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The future's here: how game developers will use 3D Touch on iPhone 6s

Nitrome and Pixel Toys explain their plans

The future's here: how game developers will use 3D Touch on iPhone 6s

Before the launch of the iPhone 6s, we got ridiculously excited about the new 3D Touch feature.

It allows your phone to measure how hard you're pressing the screen. Something that obviously has a lot of gaming potential.

It's one thing to waffle about how much of a game-changer this could be, quite another to see it in practice. So, now that the technology is in the wild, we talked to some studios about their plans for the new feature.

Turns out they were even more elaborate than we'd suspected.

Pushing buttons

"It's like having an extra button, which is huge when so far there has only been one," enthused Matthew Annal, managing director at Nitrome. "I'd love to see if it were possible to make a platform game playable with one hand. Drag left and right to move and 3D press to jump."

You might expect that from the developer responsible for gold award winning platform hits like Silly Sausage and Platform Panic. Nitrome is into a lot more genres than that, though, and his ideas didn't stop there.

"It's more like having a mouse in that you can now hover over things and click," Anal continued. "I'd love to see this used to control hands in a game. Hovering over the screen to examine and touch things with the 3D press to grab and manipulate items."

Ideas are all very well, but we had to ask him whether there were any plans to use it in upcoming titles. The answer, sadly, is no.

"The current games were all started prior to the announcement," he replied. "So any support is going to be shortcut like at best. We wouldn't rule it out for future games, though."

Touch me now

As it turns out, however, we don't just have to rely on blue-sky ideas from studios. There's one already working with 3D Touch: Pixel Toys. You might have seen it demonstrate its upcoming Warhammer 40k title Freeblade during one of the launch events.

It uses 3D touch to make zooming in on targets and cycling through weapons a breeze.

We asked Andy Wafer, their CEO, how they came to be the first game developer to get their hands on 3D touch. "We worked very hard to make Freeblade a game that would get noticed," he replied.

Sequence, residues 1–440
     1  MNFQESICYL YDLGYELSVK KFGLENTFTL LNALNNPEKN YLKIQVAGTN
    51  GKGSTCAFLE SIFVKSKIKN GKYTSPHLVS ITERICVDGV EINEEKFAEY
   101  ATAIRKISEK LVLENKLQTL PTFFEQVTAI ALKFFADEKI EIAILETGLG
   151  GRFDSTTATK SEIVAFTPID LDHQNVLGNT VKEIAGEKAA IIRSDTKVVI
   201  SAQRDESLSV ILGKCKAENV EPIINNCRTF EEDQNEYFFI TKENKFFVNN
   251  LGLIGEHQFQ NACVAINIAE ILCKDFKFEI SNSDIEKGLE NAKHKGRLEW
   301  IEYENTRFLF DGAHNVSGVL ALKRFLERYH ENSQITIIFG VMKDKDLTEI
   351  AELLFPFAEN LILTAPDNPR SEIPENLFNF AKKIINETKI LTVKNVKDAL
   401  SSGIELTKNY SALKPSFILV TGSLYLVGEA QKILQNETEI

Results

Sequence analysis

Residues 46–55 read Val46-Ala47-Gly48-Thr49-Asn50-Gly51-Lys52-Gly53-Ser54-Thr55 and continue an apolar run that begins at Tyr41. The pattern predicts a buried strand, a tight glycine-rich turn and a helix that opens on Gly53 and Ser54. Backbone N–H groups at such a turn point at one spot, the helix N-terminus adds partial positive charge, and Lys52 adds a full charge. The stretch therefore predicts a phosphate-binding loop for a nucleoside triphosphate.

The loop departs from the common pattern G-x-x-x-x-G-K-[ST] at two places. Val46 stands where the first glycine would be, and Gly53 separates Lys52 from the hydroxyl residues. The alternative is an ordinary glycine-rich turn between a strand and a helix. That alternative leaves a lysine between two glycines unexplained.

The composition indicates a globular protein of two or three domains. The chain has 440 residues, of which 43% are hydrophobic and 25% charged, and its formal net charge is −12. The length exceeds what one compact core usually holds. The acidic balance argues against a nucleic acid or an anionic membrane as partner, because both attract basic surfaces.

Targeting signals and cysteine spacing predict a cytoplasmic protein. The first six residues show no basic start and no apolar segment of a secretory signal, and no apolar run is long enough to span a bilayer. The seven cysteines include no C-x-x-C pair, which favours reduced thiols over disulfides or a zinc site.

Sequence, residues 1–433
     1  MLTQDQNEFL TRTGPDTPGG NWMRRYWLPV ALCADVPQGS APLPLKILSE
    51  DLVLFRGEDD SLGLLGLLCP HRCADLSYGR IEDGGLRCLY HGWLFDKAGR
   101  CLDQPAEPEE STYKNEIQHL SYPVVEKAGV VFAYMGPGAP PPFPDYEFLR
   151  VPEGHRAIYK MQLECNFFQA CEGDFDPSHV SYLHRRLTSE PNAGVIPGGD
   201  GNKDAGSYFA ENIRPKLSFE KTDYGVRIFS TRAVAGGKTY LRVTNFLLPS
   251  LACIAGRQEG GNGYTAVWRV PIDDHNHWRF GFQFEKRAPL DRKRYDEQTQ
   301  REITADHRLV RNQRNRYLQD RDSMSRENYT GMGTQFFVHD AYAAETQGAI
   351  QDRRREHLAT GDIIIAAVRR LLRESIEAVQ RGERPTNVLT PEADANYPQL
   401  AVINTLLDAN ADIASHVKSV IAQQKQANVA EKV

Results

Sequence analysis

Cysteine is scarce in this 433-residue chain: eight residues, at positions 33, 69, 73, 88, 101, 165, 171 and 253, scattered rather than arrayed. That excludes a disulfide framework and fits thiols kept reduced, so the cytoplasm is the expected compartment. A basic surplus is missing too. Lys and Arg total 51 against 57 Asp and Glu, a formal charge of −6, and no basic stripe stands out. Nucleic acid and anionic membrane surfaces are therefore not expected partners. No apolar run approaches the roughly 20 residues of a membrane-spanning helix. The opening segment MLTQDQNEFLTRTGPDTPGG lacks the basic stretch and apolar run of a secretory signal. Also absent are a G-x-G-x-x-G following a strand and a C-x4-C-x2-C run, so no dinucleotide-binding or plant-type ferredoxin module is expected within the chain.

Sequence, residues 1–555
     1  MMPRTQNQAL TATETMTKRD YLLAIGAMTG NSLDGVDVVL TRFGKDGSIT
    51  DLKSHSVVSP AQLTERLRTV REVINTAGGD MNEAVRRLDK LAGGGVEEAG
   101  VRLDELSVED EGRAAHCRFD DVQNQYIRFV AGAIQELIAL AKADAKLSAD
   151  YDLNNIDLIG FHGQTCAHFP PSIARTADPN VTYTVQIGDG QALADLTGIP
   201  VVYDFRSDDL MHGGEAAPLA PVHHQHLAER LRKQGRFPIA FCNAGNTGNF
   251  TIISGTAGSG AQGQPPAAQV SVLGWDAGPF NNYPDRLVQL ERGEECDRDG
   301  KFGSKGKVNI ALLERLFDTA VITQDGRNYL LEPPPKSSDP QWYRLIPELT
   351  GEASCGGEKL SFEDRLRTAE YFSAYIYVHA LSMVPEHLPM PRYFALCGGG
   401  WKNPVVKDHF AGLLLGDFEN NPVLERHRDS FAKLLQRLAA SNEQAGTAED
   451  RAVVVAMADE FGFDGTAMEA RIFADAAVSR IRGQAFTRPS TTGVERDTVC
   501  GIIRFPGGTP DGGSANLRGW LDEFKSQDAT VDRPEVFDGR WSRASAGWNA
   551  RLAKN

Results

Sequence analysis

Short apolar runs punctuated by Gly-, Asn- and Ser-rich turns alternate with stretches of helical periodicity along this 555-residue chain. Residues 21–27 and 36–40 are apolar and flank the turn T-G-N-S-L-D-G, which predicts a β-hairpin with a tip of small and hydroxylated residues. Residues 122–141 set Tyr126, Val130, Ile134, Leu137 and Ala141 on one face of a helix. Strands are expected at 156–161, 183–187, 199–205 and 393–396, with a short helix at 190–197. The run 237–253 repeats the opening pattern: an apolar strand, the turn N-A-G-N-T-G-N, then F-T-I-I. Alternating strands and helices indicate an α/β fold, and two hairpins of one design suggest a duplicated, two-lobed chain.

Having had practical experience, he was able to answer two key questions about this emerging technology. Namely, how sensitive is it, and how easy it is to use from a development perspective.

Shortcomings in either could spell doom for the gaming potential of 3d touch.

"We were very surprised at just how sensitive and precise the technology is," he revealed. "It can smoothly detect a wide range of different gestures. There's no going back to 2D now."

He was similarly positive on the question of cost. "It just measures how much pressure is being applied to a specific point on the screen. You can use that information in the same way an analogue trigger measures how hard you're pressing on console controller."

"From a game development perspective it's not difficult to implement that input."

Contact barriers

The launch of 3D touch faces a significant barrier, however. At the moment, it's confined to the two highest-priced models of iPhone. No doubt it will come to iPad too, but there's no word on when.

No popular Android phones having anything similar to offer. So the potential audience for games using the feature is very small.

Annal doesn't think this is as big a problem as it looks. "A really unique use of the feature could be really appealing to an audience keen to show off their new phone," he said.

"Apple Watch showed this to be the case when many launch games managed to soar up the charts. Apple's audience is so large that strongly appealing to a limited part of their audience is a viable tactic."

Wafer offered similar sentiments. "I expect Apple will sell a few of these new phones over the next few months," he drily pointed out.

"Players who own them will be interested in trying game experiences that use the new 3D touch technology. I believe 3D touch is the most important technology change to happen in mobile gaming since the release of the first iPhone, so we will include it in future game releases, and I expect that over time most other professional developers will too."

Both developers pointed out that many features of 3D touch aren't that hard to replicate using other types of input. They key attraction is how smooth and tactile the new technology is in comparison.

"We'd start conservatively and use it for nonessential elements that could have a second trigger for incompatible devices," Annal explained. "A shortcut, essentially."

That's exactly the approach Pixel Toys have taken with Freeblade. "Zooming is digital rather than analogue," Wafer explained. "The experience is certainly enhanced with 3d touch. But the game will still be fully playable on devices that don't support it using different gestures and inputs."

It's good to know that there are talented developers like Nitrome and Pixel Toys already exploring the potential of 3Dtouch. It's even better to find out that it's as responsive and easy to work with as we'd hoped.

The best thing of all, however, is going to be playing the finished products when they arrive.